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2004 Ford Taurus Duratec TPS install frustration

Home Forums Stay Dirty Lounge Service and Repair Questions Answered Here 2004 Ford Taurus Duratec TPS install frustration

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  • #580703
    Kei YuukiKei Yuuki
    Participant

      I am having a fit with replacing a Throttle Position Sensor on a 2004 For Taurus Duratec Throttle body. Seems simple enough right? Two bolts and a sensor plug, right there in easy reach, well… not in this case. Sure the bolt up is easy as pie, but its getting an output voltage curve when rotating the throttle that is the PITA. No matter what I do, I cant get it to work properly. Bolting it straight up, I get a .4volt reading, and will not increasing with throttle movement. I try a preload, and it is too high, actually its full throttle( 5volts) at only a tiny amount of preload.. the Sensor has two sleeved holes for bolt up with no elongation for rotation to dial in a suitable idle voltage base setting when bolted to the throttle body.

      I have been on Ford Taurus Forums and got nowhere. Since I am a huge fan of Eric the Car Guy, I decided to come here.

      Also, the car spent 4 days at the dealer, and even they could not find out why the car was acting the way it does. (Jerky low powered parking lot speed bucking and hesitations, that after car reach operating temperature, it does it at interstate speeds, especially when at 80% or more throttle) I have my doubts about how through the dealer was in diagnosing the car.. as anyone could have found an issue with TPS reading on a scanner and went straight to it.

      Any help or suggestions is greatly appreciated. I am at the end of my rope, and the sad part is, In my former glory days, I was a Mechanic on Police Crown Victorias, and have never had one this stubborn.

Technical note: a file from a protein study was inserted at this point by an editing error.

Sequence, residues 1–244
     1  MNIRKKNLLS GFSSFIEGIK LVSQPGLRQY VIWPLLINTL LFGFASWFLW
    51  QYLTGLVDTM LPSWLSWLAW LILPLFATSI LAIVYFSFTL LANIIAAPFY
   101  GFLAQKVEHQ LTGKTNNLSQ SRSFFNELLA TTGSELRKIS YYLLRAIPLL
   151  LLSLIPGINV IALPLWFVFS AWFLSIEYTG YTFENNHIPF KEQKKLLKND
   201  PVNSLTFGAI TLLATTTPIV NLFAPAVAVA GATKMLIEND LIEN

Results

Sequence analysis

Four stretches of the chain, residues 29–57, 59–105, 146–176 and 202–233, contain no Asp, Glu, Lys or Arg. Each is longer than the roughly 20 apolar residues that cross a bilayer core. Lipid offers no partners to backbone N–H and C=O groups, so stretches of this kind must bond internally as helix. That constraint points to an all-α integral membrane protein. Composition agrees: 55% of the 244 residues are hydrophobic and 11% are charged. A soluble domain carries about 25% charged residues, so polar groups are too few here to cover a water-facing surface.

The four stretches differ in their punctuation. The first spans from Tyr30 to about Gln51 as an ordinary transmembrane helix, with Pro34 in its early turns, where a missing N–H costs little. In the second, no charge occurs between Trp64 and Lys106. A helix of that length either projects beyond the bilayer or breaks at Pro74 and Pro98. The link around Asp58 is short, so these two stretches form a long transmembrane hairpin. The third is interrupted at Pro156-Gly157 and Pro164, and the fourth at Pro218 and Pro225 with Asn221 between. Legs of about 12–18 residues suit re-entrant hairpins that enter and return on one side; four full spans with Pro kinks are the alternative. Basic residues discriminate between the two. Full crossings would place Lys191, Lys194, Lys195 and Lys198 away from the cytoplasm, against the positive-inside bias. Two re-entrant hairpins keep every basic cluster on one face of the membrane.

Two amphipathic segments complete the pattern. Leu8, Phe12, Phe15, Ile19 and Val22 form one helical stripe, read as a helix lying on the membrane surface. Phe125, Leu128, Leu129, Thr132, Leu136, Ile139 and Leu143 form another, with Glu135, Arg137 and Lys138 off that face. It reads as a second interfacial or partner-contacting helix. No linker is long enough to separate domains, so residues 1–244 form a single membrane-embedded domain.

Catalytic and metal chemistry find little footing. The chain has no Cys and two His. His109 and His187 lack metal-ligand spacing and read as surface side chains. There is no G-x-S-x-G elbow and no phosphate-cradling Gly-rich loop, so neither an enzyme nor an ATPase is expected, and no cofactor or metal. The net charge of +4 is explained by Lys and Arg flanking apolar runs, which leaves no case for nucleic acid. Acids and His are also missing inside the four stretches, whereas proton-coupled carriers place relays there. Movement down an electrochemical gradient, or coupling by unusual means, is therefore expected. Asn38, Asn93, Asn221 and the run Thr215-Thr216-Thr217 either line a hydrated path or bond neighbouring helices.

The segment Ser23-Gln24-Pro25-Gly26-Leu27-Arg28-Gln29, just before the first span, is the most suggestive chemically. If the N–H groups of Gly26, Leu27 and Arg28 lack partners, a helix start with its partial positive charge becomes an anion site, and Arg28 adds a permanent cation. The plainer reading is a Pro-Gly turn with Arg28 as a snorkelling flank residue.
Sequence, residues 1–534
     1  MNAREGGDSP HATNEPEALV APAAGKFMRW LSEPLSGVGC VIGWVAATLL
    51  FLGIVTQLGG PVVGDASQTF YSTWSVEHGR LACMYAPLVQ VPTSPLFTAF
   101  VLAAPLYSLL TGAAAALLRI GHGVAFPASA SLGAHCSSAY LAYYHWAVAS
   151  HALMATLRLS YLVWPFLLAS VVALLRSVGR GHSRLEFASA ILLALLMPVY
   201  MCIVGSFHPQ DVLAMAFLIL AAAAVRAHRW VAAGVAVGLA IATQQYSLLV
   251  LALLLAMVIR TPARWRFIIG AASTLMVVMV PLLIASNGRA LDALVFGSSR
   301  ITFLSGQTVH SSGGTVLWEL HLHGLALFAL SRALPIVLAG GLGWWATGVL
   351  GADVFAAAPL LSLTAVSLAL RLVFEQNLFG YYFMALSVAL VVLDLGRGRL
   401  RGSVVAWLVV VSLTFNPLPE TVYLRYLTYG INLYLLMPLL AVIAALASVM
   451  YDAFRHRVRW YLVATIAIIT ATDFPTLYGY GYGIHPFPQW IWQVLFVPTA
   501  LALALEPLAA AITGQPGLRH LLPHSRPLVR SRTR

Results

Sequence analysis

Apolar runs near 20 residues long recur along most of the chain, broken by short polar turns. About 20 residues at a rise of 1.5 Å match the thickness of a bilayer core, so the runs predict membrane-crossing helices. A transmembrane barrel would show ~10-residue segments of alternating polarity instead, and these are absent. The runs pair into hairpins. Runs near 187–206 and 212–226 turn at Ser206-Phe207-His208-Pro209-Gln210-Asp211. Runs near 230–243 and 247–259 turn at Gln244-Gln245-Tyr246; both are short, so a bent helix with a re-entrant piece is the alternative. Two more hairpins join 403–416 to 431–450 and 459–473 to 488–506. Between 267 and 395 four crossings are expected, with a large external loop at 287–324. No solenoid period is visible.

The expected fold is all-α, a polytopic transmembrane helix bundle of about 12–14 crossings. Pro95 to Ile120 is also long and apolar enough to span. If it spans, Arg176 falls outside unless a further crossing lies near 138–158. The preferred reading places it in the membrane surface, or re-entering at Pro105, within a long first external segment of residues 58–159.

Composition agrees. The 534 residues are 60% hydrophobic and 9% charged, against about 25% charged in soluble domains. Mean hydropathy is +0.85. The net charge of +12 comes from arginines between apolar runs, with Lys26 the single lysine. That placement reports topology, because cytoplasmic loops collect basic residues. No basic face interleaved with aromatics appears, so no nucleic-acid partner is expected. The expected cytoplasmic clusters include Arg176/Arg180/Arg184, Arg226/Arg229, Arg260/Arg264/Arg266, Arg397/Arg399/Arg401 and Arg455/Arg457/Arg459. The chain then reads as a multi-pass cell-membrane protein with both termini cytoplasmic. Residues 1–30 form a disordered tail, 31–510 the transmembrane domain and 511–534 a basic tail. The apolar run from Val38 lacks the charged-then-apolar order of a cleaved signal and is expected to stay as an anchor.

Viewing 6 replies - 1 through 6 (of 6 total)
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    • #580753
      college mancollege man
      Moderator
        #580934
        Kei YuukiKei Yuuki
        Participant

          Glitch in the system, entire post just disappeared. So I will type a shorter version out. My car is 3rd owner and is a DOHC Duratec, not a OHV Vulcan, and the TPS was on the opposite direction, plug in to the rear. I am not sure if it was foctory or not, as the previous owner ran it 133,000 miles with factory spark plugs in it… if that tells you anything about its history. It was treated like a borrowed mule.
          I will try this method. I will post back any results positive or negative.
          Thanks

          #580971
          college mancollege man
          Moderator

            [quote=”Yuuki” post=88113]Glitch in the system, entire post just disappeared. So I will type a shorter version out. My car is 3rd owner and is a DOHC Duratec, not a OHV Vulcan, and the TPS was on the opposite direction, plug in to the rear. I am not sure if it was foctory or not, as the previous owner ran it 133,000 miles with factory spark plugs in it… if that tells you anything about its history. It was treated like a borrowed mule.
            I will try this method. I will post back any results positive or negative.
            Thanks[/quote]

            Keep us posted on your progress. 🙂

            #581067
            EricTheCarGuy 1EricTheCarGuy
            Keymaster